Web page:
Mahatma Gandhi is famously quoted as saying,
“There is no beauty in the finest cloth if it causes hunger and unhappiness.”
Ever since Mahatma Gandhi said these now famous words, the world has been on a trajectory to improve how it views the fashion industry. Over the years, a lot of attention has been directed towards the ills in all facets of industry, in a bid to make things better for everyone.
On the one hand, societal problems, environmental pollution, human suffering and disasters, like the collapse of the building that killed 1,100 factory workers at the Rana Plaza building in Savar, Bangladesh, have encouraged people to take a closer look at where their clothes actually come from and under what conditions they are produced. More importantly steps have been taken to make things a lot better.
On a more positive note, adoption of better practices in the fashion industry has also mostly been driven by the fact that caring and saving the world is simply just cool. What’s more is that many companies and countries have come to find out that eco-awareness and better conditions industry-wide, are simply good for business.
Over the years, different terms have been used as fashion jargon to define the conscious production of clothes. Conscious production has mostly come to stand for:
- Using ecologically friendly designs,
- Making use of fair trade principles and
- Reducing the environmental impact of the fashion industry.
Terms such as; ‘repurposed’, ‘low-impact’, ‘organic’, ‘clean by design’, ‘made locally and ethically’, ‘Fair Trade’ and of course ‘sustainable’, have been used to certify that the garments that end up at retail stores are produced in the best possible way. Undeniably, there are many companies and countries, that care about the fashion that they avail to consumers.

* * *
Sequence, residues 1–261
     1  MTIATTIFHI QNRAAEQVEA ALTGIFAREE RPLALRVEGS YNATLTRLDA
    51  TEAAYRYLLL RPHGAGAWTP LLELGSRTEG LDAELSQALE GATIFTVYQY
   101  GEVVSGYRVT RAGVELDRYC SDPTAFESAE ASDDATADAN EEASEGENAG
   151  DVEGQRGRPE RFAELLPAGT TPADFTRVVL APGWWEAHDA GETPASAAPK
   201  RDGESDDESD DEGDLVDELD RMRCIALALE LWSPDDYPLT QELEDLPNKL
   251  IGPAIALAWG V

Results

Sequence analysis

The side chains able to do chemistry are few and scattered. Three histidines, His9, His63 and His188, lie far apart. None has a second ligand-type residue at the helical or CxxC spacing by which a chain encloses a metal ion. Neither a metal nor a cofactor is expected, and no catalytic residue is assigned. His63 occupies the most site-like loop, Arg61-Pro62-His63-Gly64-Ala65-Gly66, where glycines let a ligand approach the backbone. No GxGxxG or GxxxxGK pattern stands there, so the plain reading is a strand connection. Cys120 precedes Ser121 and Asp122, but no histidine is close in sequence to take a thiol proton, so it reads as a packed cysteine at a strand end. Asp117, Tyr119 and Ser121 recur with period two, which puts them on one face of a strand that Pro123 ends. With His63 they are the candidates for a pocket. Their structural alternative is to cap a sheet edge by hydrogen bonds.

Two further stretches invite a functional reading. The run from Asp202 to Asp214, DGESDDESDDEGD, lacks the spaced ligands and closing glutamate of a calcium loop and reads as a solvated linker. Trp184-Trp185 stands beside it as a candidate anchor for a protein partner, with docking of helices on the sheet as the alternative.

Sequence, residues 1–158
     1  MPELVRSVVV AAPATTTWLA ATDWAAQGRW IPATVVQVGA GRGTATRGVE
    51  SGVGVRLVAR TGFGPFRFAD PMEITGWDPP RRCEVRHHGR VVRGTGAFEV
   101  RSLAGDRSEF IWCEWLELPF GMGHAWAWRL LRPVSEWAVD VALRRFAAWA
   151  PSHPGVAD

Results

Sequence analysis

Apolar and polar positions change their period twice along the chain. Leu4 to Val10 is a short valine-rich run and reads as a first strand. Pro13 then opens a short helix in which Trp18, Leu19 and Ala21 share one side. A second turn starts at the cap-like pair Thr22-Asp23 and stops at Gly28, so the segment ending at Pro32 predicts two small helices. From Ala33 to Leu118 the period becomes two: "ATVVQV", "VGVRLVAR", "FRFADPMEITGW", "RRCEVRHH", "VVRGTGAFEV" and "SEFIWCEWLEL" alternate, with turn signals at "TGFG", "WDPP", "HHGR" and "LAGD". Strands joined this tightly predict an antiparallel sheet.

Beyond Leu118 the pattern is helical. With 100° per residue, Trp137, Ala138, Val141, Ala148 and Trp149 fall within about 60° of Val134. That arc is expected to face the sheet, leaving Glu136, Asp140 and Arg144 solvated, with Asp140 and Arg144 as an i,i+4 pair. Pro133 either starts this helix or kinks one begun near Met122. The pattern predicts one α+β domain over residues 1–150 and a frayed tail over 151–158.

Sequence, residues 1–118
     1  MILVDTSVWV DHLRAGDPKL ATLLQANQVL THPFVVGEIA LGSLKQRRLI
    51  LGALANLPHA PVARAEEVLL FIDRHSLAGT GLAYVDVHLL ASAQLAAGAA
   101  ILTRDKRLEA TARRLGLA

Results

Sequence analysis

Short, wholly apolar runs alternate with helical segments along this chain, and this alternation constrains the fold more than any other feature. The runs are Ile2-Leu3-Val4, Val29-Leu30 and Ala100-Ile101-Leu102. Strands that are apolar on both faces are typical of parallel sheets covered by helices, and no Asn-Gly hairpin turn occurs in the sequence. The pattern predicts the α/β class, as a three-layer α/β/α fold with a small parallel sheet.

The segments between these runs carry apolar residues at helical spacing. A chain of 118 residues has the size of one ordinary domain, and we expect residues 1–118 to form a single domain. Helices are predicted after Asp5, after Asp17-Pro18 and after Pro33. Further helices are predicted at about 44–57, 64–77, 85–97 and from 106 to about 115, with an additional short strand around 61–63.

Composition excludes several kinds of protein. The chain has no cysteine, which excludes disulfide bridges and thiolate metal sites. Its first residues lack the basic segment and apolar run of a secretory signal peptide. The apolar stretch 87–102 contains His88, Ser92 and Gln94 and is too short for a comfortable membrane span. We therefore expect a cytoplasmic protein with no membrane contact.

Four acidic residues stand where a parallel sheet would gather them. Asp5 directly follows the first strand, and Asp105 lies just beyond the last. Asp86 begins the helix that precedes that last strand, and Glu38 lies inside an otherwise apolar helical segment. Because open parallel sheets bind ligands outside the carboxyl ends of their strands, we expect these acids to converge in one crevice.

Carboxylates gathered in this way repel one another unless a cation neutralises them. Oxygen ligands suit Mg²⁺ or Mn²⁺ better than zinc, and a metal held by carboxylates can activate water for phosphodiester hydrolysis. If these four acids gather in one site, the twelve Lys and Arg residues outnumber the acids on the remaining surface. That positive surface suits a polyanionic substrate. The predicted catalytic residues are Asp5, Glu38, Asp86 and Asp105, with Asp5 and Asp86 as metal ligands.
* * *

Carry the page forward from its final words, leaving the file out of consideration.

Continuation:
Below are a few examples of countries and companies that have spearheaded the move towards better textile practices across the fashion industry.
The U.S and developed countries
Millennials are the primary driving force behind the go-green revolution. Many companies have been forced to adopt values of transparency, sustainability and authenticity in order to appeal to Millennials who are the next generation of buyers.
Although clothing consumers have not often been aware about where their clothes come from and specifically who is behind the production of the clothes they wear, tragedies like the Rana Plaza tragedy are bringing conscious fashion to the forefront.
In the U.S and in many developed countries the fashion industry is changing and improving in the following ways:
Promotion of sustainable values with smart branding
Brands are emphasizing sustainable values as the essence of their identity and marketing, in order to appeal to consumers who are more and more outwardly expressing their support by buying clothes that are consistent with their own sustainable values.
For example, Patagonia encourages its customers to repair more and buy less While H&Ms ‘conscious collection’ uses green tags to communicate to customers and shoppers about conscious clothing.
The Fashion Revolution